Report of the Attorney General (1916), p. 17.
H.R. 291, 65th Cong.
Since 1929, the State Department has carried substantially the following suggestion in its 'Notice to Bearers of Passports': '22. An American citizen leaving the United States for a country where passports are not required is nevertheless advised to carry a passport, except in travel to Canada or Mexico. The passport may later save the time and inconvenience of applying for one abroad should the holder desire to travel in countries where passports are required. It will also enable the holder to establish his American citizenship upon his return to the United States and thus facilitate his entry. American citizens who leave the United States without passports should carry with them proof of their citizenship, such as birth, baptism, or naturalization certificates.'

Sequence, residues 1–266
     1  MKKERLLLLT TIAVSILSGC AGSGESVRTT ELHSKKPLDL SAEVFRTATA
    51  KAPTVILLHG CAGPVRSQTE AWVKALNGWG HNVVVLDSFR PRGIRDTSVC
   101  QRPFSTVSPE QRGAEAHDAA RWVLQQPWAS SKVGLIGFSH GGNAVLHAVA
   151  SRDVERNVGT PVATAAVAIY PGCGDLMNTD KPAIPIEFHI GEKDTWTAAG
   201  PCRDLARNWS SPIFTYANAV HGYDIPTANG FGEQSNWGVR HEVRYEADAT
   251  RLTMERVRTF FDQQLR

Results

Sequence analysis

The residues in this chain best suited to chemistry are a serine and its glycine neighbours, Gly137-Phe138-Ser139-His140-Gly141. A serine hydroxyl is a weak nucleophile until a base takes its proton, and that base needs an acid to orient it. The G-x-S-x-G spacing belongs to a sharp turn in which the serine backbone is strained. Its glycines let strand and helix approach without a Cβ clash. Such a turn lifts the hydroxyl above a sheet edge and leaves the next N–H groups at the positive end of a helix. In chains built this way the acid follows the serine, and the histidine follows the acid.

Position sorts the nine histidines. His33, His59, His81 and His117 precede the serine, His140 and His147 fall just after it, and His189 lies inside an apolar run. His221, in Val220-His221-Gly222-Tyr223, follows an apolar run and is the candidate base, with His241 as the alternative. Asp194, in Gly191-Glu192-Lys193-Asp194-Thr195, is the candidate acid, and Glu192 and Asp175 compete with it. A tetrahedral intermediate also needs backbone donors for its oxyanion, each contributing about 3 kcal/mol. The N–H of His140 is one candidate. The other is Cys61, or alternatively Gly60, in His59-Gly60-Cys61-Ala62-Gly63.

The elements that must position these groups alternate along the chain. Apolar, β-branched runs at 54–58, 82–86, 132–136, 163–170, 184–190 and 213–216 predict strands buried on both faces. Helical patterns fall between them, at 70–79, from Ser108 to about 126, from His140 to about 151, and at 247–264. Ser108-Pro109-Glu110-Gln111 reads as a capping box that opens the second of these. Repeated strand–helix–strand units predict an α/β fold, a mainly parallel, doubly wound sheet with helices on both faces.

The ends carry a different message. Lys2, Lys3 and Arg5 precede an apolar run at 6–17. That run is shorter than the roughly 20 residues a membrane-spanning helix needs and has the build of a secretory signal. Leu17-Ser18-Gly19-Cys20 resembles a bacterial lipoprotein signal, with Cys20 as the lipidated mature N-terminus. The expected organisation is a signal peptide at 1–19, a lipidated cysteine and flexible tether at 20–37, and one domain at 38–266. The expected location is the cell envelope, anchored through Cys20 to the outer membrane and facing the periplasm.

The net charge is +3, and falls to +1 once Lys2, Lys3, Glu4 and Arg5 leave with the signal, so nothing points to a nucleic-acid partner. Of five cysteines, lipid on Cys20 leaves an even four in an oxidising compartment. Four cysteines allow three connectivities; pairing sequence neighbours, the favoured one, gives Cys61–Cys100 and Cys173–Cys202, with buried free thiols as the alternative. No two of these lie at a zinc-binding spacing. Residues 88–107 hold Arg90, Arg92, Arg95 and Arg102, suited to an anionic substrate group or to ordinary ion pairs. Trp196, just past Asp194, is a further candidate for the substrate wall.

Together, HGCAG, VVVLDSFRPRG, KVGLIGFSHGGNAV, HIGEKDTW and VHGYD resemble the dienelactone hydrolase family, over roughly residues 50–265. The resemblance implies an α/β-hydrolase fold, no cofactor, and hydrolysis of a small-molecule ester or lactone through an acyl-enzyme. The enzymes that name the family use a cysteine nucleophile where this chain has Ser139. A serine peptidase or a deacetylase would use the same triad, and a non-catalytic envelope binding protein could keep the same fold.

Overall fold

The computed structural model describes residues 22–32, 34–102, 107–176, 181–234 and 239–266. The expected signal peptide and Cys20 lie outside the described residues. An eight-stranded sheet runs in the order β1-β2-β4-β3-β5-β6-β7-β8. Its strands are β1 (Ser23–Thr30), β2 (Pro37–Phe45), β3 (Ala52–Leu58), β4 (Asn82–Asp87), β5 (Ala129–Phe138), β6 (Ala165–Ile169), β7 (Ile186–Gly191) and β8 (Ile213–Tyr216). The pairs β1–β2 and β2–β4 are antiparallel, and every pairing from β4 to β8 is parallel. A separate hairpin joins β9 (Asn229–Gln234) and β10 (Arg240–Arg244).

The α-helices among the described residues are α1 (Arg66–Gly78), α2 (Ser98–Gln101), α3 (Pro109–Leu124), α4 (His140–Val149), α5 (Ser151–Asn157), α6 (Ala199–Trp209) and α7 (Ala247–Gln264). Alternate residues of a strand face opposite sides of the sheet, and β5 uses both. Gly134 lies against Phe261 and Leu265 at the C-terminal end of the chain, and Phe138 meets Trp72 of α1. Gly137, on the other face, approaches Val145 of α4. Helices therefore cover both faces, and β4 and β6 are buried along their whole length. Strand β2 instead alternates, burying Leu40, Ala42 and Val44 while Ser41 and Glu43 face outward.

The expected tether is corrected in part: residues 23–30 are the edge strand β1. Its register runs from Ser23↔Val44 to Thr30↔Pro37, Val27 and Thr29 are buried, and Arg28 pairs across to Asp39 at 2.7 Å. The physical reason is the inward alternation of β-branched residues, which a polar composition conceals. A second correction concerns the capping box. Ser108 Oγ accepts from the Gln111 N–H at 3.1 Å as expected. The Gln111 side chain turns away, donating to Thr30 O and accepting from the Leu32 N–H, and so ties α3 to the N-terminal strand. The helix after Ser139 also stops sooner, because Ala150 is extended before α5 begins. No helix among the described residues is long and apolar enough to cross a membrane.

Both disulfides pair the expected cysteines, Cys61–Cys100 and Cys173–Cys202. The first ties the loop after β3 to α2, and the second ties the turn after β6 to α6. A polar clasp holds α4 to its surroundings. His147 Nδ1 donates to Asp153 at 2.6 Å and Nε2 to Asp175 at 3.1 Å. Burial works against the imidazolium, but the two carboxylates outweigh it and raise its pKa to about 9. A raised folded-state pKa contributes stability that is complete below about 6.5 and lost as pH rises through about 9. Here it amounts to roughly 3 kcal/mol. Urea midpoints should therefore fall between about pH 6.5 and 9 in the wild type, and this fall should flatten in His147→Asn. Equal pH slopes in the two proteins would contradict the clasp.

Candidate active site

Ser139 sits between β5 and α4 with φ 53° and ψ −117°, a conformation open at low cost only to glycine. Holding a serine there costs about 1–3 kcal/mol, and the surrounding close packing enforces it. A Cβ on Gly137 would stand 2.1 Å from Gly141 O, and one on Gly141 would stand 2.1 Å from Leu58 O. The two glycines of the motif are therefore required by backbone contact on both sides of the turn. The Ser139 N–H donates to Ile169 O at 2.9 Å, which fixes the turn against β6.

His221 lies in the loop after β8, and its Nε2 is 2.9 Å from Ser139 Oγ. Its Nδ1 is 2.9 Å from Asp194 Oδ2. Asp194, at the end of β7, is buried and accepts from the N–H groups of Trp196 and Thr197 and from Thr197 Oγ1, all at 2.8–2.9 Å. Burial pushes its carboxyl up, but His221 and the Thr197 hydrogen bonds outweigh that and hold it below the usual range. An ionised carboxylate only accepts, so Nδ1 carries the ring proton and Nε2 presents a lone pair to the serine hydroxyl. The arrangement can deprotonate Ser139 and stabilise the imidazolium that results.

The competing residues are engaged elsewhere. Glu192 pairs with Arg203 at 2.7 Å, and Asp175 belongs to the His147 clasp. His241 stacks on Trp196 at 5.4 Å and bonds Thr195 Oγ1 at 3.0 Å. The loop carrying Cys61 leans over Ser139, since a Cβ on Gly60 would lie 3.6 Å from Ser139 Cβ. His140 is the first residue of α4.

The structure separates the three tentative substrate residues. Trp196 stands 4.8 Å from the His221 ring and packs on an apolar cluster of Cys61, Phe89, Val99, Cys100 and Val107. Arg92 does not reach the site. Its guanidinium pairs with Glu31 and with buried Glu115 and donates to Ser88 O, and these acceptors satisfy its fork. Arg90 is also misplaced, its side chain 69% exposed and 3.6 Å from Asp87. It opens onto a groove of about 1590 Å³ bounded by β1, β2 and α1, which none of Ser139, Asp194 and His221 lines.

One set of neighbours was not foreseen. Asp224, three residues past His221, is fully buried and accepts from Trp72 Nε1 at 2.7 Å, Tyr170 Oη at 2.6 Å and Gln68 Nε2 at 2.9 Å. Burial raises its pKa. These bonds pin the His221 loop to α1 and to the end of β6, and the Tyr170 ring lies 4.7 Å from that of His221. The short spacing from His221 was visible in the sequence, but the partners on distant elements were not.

Cf. Cain v. Bowlby, 10 Cir., 114 F.2d 519, 522, and cases and instances there cited; Maxwell, Interpretation of Statutes, (7th ed. 1929) pp. 69—70.
Newman v. Arthur, 109 U.S. 132, 138, 3 S.Ct. 88, 91, 27 L.Ed. 883; Pickhardt v. Merritt, 132 U.S. 252, 257, 10 S.Ct. 80, 82, 33 L.Ed. 353; DeLima v. Bidwell, 182 U.S. 1, 197, 21 S.Ct. 743, 753, 45 L.Ed. 1041.
State v. Butler, 42 N.M. 271, 274, 76 P.2d 1149; Commonwealth v. Tilley, Mass., 28 N.E.2d 245, 129 A.L.R. 381; People v. Hines, 284 N.Y. 93, 104, 29 N.E.2d 483.